This isn’t an easy book to read. It’s a challenging read. The author, Ulf Schmidt, is an academic, professor of modern history and director of the Centre for the History of Medicine, Ethics and Medical Humanities at the University of Kent, UK. He writes like an academic with a dry neutrality and a denseness of information. But it is also a difficult read because of its subject, namely the Porton Down scientists’ experimentation on unwitting subjects.
Much of the book focuses on the military personnel who were tricked or misled into exposure with chemical and nerve agents. They appear to have been given little information on the true nature of the substances they were to be exposed to and many suffered as a result. Most movingly is the case of airman Ronald Maddison who was poisoned with the nerve agent Sarin and subsequently died. Some of the test subjects rebelled and refused to go on with the experiments while elsewhere, others were compelled to continue, with a mixture of bravado and peer pressure used to keep them onside. Some of the injuries these men suffered were catastrophic.
If that wasn’t bad enough, Schmidt reveals that the scientists at Porton Down also had the wider public in their sights. A chemical of ‘largely unknown toxic potential’ was dispersed by plane over civilian populations in Wiltshire, Bedfordshire and Norfolk. Similarly ships, aircraft and moving lorries dispersed the carcinogen zinc cadmium sulphide. The London Underground was also targeted with Bacillus globigii, a bacterium now thought to be linked to food poisoning, eye infections and septicemia released on the Northern Line. While scientists of the time considered these substances to be safe and it is only now that their risks are understood, the fact is that nobody asked the public whether they minded being guinea pigs in tests and scores of people were potentially put at risk.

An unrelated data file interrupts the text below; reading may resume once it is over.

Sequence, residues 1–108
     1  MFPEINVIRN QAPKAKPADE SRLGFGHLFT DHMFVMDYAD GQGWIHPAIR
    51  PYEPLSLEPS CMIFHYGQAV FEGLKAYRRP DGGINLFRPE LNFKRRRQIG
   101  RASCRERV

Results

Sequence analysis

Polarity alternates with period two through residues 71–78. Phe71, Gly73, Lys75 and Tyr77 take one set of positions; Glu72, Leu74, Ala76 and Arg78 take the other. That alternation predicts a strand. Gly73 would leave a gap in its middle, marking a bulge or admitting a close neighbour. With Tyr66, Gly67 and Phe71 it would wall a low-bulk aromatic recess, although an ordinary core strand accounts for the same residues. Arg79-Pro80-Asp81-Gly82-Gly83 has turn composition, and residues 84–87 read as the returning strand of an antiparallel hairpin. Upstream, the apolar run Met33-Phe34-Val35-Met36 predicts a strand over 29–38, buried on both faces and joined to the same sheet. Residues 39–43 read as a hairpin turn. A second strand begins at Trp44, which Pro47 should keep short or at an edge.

This is an important book and one that reveals a scandal at the heart of the UK’s defence establishment. I hope more people read this, as someone needs to hold the Government to account.